In October, 2000, the Finance and Revenue Committee of the DC Council approved legislation providing a package of incentives designed to attract and retain technology business in DC. According to the Mayor: "my vision for our city is to become the technology capital of the world. This legislation sends a clear message that the District is open for business. We want to attract and retain leaders in the fields of e- government, e-commerce, e-business, and technology."

The bill was crafted with the help of The "New Economy Advisors" and the "Digital Capital Alliance", representing the private sector. The incentives are grouped into three categories:

Workforce Development incentives include relocation, wage, and training credits for qualified Hi-Tech companies triggered by the relocation or creation of new jobs within the city, for hi-tech workers who become DC residents, and for training TANF recipients and ex-offenders.

Affordable Facilities will help companies "facing challenges in securing DC office space". According to the Post, the Mayor's office will create and administer a Security Deposit Assistance program and a Master Lease program, which allow DC to lease office space and turn it over to hi-tech companies at below market rents. DC- owned or controlled properties will also be made available to qualifying firms at competitive prices if they provide community assistance, teacher training, and student internships. The bill also offers real property tax incentives for the rehab and new construction of facilities at least 50% occupied by hi-tech companies.

Targeted Financial Incentives include beneficial rates on virtually every tax levied by DC from personal property, sales, corporate and unincorporated business franchise, to asset depreciation, capital gains, and investment roll-overs. Franchise taxes, for instance, would be reduced to 6% anywhere in the city, or to 0% in certain targeted areas.

NARPAC Commentary:

NARPAC still finds it difficult to accept the notion that either people or businesses have to be bribed to live and work in their nation's capital. Why on earth shouldn't the city be able to provide a unique environment for which successful people and businesses would be willing to pay a premium? DC officials frequently point to the overabundance of non-profit and tax-exempt entities and individuals already in the city. NARPAC frequently points to some of the city's most lucrative (service) businesses which are relatively untaxed, and to the odd phenomenon that assessed property values are declining during a sustained real estate boom period.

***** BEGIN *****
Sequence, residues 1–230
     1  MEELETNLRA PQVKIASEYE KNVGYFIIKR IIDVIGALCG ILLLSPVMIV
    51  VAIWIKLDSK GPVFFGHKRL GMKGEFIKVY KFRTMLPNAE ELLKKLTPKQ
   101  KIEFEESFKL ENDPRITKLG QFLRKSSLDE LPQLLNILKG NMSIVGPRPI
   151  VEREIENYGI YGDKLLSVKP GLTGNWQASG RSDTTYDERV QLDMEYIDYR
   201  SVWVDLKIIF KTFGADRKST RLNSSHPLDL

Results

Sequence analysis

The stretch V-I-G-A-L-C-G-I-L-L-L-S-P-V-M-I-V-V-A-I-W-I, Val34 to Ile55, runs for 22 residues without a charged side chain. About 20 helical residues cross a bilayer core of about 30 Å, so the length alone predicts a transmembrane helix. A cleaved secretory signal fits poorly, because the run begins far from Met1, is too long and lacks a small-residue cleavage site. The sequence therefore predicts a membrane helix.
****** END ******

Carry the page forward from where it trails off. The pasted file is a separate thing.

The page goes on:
It seems unlikely that the city can strengthen its somewhat tenuous fiscal foundations by attracting new groups of under-taxed people and businesses. It reminds one of the old saw about losing money on every sale, but making up for it by high volume. The city is clearly short of fully productive land and residents (from whom revenues substantially exceed required public service expenditures). Legislation to further constrain such productivity over the long haul appears to be counter-productive. At the very least, DC needs to keep public records on the number of tax breaks being handed out and the extent of the growing imbalance between those who are getting "bargain rates" compared to those few who are still paying "full fare".

Finally, "tax expenditures" (as foregone revenues are often called) seldom address directly the root causes for which the incentives are provided. The primary root cause of the city's lack of appeal to new residents and businesses is endemic poverty and the blighted areas, blighted schools, blighted safety and blighted purchasing power that result. The notion that residents and businesses coerced into moving here will somehow remediate these core problems through tax relief and 'trickle down' seems dubious at best. More direct attacks on the root cause would appear preferable: poverty sharing within the Washington metro area is certainly one approach that might be incentivized, involving fixing the regional imbalances in affordable housing.

This item was archived in September, 2002

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